in spite of the stupid

I have frequently said that leadership today is helping make our networks smarter. Much of what we are is a direct effect of who we know and interact with. Our social networks have significant influence on who we are.

“Most of us are already aware of the direct effect we have on our friends and family; our actions can make them happy or sad, healthy or sick, even rich or poor. But we rarely consider that everything we think, feel, do, or say can spread far beyond the people we know. Conversely, our friends and family serve as conduits for us to be influenced by hundreds or even thousands of other people. In a kind of social chain reaction, we can be deeply affected by events we do not witness that happen to people we do not know. It is as if we can feel the pulse of the social world around us and respond to its persistent rhythms. As part of a social network, we transcend ourselves, for good or ill, and become a part of something much larger. We are connected.” —Connected

This is why we have to work collectively on countering the influence of ‘stupid’ people. We have to understand the laws of stupidity.

Law 5: A stupid person is the most dangerous type of person.
And its corollary:
A stupid person is more dangerous than a bandit.
We can do nothing about the stupid. The difference between societies that collapse under the weight of their stupid citizens and those who transcend them are the makeup of the non-stupid. Those progressing in spite of their stupid possess a high proportion of people acting intelligently, those who counterbalance the stupid’s losses by bringing about gains for themselves and their fellows.

Declining societies have the same percentage of stupid people as successful ones. But they also have high percentages of helpless people and, [Prof. Carlo] Cipolla writes, “an alarming proliferation of the bandits with overtones of stupidity.”

“Such change in the composition of the non-stupid population inevitably strengthens the destructive power of the [stupid] fraction and makes decline a certainty,” Cipolla concludes. “And the country goes to Hell.”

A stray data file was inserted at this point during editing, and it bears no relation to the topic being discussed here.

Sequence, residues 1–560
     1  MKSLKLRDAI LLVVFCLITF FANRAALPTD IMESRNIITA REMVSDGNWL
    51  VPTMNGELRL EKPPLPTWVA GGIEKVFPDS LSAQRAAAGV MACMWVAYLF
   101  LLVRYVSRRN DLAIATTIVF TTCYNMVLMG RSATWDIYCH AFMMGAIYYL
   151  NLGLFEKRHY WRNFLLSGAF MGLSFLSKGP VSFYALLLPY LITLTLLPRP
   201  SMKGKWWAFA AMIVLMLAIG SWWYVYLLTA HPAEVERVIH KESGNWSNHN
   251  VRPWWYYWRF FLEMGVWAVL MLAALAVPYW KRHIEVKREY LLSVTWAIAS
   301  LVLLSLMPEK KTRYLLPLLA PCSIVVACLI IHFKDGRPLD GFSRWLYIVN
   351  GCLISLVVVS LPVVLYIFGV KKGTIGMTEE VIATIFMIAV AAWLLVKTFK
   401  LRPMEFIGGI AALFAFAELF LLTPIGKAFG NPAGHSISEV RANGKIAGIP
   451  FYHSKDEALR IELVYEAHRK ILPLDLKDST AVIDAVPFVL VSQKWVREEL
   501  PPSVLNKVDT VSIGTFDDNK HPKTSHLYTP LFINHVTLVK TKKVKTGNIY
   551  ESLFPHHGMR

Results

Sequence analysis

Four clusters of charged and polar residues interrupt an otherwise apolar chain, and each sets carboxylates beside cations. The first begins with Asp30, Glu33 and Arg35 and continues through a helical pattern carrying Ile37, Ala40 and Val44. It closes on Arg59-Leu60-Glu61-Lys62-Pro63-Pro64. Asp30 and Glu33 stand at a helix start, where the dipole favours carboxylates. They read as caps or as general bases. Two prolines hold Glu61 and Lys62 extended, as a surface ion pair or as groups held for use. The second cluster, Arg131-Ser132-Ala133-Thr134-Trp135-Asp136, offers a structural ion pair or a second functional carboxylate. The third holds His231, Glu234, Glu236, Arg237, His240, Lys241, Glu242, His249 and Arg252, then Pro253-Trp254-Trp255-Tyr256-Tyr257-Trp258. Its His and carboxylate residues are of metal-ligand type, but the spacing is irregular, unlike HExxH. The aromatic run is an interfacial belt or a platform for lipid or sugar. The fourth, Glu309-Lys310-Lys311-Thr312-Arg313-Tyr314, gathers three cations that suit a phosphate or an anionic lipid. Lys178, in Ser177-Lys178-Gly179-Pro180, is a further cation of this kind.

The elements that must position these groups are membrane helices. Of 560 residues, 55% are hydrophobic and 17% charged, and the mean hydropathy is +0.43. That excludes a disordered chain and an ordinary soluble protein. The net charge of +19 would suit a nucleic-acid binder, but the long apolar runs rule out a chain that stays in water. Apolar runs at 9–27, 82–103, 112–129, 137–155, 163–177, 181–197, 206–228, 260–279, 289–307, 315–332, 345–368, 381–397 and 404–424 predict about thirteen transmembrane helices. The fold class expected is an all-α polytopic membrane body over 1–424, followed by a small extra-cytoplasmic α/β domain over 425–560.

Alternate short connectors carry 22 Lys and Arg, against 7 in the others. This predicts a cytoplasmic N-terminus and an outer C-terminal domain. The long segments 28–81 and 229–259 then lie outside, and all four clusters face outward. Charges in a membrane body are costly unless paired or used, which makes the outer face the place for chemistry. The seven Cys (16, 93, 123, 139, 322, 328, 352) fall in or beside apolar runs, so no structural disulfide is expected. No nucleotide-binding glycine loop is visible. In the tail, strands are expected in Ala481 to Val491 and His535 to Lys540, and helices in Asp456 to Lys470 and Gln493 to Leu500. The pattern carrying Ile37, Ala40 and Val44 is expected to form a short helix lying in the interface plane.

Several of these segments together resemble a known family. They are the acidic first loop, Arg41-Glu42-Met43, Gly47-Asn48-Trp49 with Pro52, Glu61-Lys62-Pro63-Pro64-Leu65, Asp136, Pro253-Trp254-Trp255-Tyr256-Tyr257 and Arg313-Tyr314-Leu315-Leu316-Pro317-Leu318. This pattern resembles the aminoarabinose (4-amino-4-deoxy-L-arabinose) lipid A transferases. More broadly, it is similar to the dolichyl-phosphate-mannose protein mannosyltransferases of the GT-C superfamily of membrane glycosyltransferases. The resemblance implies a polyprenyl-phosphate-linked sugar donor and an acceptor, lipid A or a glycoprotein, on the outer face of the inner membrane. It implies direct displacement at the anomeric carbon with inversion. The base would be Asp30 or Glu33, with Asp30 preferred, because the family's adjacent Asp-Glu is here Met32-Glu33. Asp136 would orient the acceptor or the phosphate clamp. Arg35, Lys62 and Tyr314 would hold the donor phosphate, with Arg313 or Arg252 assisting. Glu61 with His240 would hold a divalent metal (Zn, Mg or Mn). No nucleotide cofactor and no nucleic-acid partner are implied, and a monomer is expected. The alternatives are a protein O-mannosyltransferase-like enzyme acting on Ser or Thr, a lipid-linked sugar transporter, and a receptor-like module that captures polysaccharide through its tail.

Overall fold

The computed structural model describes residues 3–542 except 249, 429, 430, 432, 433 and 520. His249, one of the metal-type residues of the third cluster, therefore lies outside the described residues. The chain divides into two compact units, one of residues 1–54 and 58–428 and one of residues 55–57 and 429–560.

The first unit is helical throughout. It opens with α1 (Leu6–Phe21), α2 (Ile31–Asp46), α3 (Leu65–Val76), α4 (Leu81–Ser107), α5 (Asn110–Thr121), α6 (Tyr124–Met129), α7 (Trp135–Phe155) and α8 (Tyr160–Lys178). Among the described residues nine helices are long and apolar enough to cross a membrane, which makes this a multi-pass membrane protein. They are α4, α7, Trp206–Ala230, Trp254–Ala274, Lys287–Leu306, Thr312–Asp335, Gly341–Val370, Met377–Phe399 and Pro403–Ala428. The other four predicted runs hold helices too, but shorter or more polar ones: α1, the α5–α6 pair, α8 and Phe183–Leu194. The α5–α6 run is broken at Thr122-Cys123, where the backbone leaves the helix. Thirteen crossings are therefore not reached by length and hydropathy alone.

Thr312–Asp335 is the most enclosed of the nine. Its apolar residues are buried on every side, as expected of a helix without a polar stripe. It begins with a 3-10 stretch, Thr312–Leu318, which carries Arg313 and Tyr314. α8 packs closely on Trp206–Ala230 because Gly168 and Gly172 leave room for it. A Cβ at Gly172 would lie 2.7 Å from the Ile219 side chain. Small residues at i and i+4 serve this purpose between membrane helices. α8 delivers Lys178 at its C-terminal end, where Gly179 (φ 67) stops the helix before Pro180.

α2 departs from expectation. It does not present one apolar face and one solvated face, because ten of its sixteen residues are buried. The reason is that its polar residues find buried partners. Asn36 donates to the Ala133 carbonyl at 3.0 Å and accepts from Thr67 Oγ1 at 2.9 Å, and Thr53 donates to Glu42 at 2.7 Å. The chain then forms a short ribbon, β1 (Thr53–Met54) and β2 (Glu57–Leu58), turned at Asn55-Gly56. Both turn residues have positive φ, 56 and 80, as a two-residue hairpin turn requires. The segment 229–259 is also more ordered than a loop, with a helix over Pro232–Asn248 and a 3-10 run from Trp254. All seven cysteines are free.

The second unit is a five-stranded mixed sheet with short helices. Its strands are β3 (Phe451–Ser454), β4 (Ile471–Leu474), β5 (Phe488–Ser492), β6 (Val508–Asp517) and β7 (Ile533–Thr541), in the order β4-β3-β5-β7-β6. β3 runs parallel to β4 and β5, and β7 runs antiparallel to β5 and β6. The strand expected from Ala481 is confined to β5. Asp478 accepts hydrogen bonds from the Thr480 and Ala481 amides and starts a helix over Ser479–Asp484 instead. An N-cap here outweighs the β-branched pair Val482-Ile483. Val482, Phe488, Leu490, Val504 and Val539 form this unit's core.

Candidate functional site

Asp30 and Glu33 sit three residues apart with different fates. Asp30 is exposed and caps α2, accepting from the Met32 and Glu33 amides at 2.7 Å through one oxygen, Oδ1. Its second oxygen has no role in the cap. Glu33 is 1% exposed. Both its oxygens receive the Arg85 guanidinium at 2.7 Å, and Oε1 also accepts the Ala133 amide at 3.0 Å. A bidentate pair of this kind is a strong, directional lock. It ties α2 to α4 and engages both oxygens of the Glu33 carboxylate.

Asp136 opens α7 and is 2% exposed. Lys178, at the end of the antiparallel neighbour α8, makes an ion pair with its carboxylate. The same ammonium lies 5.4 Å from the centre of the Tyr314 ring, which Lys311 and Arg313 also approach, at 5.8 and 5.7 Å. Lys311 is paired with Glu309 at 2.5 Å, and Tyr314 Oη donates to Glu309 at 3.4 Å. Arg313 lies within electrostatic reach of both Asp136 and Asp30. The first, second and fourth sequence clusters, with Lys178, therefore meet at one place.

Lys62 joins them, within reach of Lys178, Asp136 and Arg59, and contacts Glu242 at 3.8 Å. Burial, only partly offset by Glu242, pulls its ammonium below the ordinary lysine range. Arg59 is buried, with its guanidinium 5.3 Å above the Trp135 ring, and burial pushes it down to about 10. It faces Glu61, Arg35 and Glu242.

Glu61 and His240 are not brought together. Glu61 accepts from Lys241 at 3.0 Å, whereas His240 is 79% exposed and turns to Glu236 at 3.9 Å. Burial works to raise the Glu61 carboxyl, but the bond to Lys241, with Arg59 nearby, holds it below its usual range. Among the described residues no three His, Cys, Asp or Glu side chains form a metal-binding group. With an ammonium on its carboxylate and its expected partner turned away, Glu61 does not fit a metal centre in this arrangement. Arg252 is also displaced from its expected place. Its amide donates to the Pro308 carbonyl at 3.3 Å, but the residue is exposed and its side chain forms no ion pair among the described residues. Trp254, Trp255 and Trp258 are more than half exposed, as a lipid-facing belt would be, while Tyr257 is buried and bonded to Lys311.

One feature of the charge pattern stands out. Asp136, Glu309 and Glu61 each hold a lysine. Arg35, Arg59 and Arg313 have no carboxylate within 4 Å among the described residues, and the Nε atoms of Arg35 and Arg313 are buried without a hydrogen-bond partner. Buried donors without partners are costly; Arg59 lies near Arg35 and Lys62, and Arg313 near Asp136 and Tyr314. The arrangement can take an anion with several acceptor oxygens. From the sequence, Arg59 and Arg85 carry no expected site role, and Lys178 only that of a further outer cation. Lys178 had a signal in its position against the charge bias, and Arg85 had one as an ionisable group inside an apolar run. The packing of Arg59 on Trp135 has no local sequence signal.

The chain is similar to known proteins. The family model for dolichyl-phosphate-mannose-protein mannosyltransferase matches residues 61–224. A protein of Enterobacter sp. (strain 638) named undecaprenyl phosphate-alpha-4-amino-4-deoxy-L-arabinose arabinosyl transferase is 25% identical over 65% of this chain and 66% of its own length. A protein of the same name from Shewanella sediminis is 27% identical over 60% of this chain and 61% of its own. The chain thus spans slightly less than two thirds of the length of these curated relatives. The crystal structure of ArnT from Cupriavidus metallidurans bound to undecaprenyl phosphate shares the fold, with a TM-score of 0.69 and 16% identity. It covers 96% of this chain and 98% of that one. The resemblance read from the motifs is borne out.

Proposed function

Consider the ‘stupidity’ of the anti-vaccination movement, based on bad science but fueled by fear and misinformation. To counter this type of ‘stupidity’ we have to understand how people feel. Feelings cannot be countered with mere facts.

Lesson 2: don’t bring a fact to a narrative fight

Experts and health professionals can arm themselves with white papers, peer reviewed studies, and symposia; but if these are our only weapons, we will only ever get so far. In an era in which experts are increasingly distrusted, the “we know best” mindset is counterproductive.

Those wishing to encourage vaccination need to identify and amplify the stories that emerge from the real lives and lived experiences of people in their communities (to start, they need to listen for them). It is no coincidence that the most effective climate advocacy in the world right now comes from the improvisations and stories of a 16 year old girl rather than the strategic plans of a generations old institution. —BMJ: New Power versus Old

If we do not want to live in a ‘stupid’ society then it is up to us to do something about it. We are the media.

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